The Meaning Of The 'Midsommar' Costumes, Explained By Designer Andrea Flesch

Midsommar, the latest film from Hereditary filmmaker Ari Aster, has a vibe best described as "freak folk" — a creepy modern day take on rural traditions. The four Americans who drop in on the once-every-90-years solstice ceremony hosted by the Swedish Hårga commune, assume they'll get to soak up some midnight sun amid Coachella-meets-Kinfolk environs. But the sunny fields, group meals, enormous Maypoles, and most eerily, everyone in Midsommar's bright, embroidered white costumes add up to the unsettling feeling that something's off about this idyll. Spoilers ahead.

Those garments are the work of costume designer Andrea Flesch, who had a tall order to fill. Between hand-embroidered runes, coded colors, and historic research, the costumes in Midsommar say nearly as much as the characters wearing them. Speaking over the phone the week of the film's release, Flesch says that the rare combination of "all the head of departments worked together very closely... just throwing ideas together," along with Aster's humanity and vision, made working on the film "really one of my best experiences ever," merging interpersonal creativity and world history into a unique visual style.

The film mostly follows Dani (Florence Pugh) as she struggles to hold on to a mediocre, resentful relationship in the wake of unimaginable family tragedy, tagging along on boyfriend Christian's (Jack Reynor) guys trip to the northern Swedish commune. The Hårga live and practice old ways, something Dani doesn't immediately pick up on, despite the shock of seeing them for the first time.

Dressed in muted colors and looking like typical Eurotrippers, the group of outsiders walk through a golden, sunburst entryway into the living past, as commune members walk goats, dance, and greet the visitors in immaculate white outfits. "Ari knew that he wanted to have [the Hårga] in white, and also that we have to do close as possible to Swedish folk costumes", Flesch says, "but from there, I get to give my ideas."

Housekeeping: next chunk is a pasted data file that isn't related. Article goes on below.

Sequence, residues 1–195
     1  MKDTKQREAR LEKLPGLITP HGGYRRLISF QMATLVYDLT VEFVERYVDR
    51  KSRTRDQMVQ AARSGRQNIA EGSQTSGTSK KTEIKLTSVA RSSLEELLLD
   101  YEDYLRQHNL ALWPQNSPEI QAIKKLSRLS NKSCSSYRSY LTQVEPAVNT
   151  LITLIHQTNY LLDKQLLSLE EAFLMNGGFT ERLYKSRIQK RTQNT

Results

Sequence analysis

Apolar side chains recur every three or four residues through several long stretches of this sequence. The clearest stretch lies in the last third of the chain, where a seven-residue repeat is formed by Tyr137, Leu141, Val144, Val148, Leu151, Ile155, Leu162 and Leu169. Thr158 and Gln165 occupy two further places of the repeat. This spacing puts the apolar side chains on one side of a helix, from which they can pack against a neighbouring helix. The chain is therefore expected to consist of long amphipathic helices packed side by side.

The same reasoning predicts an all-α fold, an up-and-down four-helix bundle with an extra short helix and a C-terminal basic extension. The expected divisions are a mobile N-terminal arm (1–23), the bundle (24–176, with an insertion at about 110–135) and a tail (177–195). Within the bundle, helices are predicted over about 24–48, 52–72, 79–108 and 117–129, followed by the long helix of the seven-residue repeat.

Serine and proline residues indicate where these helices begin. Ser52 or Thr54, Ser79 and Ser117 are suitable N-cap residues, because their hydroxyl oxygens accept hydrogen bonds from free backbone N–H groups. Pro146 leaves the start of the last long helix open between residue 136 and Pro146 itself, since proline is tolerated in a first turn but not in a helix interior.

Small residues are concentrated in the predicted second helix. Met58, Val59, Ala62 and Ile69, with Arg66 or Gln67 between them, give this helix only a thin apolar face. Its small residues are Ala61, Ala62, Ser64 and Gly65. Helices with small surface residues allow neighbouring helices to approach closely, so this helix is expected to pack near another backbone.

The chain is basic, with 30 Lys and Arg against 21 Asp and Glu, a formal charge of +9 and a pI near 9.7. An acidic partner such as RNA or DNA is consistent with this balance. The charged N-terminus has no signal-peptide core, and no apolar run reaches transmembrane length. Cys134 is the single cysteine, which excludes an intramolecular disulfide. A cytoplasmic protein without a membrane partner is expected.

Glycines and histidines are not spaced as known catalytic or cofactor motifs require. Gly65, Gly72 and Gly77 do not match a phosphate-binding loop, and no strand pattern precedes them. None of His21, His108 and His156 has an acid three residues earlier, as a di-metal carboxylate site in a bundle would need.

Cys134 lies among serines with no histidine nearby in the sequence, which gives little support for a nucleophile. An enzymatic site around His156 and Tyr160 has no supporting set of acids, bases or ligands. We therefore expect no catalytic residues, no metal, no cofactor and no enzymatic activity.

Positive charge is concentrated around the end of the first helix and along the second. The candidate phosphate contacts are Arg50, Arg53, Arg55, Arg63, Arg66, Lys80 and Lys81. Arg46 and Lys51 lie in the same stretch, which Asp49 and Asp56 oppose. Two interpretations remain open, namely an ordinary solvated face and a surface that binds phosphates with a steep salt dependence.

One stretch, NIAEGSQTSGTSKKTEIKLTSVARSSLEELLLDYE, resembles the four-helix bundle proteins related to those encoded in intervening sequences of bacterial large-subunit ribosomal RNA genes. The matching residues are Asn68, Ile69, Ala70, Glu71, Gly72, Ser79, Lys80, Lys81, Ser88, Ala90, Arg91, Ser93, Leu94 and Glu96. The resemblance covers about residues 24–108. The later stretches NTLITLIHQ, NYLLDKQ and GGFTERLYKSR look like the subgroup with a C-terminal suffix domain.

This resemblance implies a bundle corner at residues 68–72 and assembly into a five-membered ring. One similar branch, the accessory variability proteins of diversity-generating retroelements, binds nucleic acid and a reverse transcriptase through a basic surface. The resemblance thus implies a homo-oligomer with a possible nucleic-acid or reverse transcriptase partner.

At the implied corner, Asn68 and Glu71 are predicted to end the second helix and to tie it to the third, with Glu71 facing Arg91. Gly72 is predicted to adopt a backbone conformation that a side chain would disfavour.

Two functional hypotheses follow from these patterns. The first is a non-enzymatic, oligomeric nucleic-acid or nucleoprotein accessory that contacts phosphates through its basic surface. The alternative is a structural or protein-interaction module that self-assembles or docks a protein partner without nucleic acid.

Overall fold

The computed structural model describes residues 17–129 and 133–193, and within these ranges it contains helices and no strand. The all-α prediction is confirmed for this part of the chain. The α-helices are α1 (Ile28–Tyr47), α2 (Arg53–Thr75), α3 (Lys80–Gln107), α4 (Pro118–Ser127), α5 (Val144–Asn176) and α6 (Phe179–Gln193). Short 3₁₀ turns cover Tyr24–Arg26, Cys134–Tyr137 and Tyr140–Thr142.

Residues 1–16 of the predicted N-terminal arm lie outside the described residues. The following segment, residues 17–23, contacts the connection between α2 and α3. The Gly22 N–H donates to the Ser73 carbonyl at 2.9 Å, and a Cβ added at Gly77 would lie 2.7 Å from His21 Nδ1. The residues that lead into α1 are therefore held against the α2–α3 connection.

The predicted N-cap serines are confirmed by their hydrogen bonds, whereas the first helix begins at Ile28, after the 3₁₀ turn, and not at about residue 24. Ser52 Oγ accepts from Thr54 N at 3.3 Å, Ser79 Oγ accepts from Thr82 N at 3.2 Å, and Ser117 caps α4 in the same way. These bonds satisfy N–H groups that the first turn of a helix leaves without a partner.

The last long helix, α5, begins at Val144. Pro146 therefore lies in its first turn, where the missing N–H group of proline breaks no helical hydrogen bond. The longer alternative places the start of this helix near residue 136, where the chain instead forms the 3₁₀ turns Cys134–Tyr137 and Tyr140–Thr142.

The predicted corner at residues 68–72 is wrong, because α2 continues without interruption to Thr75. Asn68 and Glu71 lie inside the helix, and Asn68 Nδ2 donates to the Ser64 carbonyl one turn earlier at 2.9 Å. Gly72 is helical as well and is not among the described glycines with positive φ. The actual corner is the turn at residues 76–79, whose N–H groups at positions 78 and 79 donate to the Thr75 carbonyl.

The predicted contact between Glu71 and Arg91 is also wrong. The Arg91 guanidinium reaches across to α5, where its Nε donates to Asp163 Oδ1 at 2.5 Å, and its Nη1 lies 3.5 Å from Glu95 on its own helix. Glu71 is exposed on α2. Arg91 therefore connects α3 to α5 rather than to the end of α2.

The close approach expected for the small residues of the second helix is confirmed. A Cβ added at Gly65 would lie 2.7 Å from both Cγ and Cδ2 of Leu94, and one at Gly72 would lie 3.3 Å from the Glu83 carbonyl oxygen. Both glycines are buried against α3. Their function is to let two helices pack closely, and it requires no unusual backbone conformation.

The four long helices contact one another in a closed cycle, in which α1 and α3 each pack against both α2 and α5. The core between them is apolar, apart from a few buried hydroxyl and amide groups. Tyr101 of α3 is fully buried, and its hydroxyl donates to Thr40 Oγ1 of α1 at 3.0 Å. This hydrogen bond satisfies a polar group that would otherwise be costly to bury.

Though initially focusing on Swedish history, Flesch says her research soon turned up a deeper, broader connection. "I found out that folklore in the whole world has something in common," she says. "So I started to search the whole world, what are the similarities in Swedish folk and other folk... and I found a lot. So the traditions were my idea, to use other countries' folk customs, which are similar, because there’s this idea that everything is one in the end."

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It also became a practical decision. "First the idea was to go to Sweden, but then I searched a little bit and we found they don’t really have any more, these costumes and materials," Flesch explains. Sweden also has pretty stringent shooting restrictions, so Aster opted to shoot in Hungary instead. Flesch says that, for her, it was a lucky choice.

"Here you can find all of the fabrics, so I bought tons of 100-year-old linen fabric and embroidery, and I tried to find embroideries in Eastern Europe which looked like they could be also Swedish," she says. She made these fabric choices partly to save time, but also to find inspiration.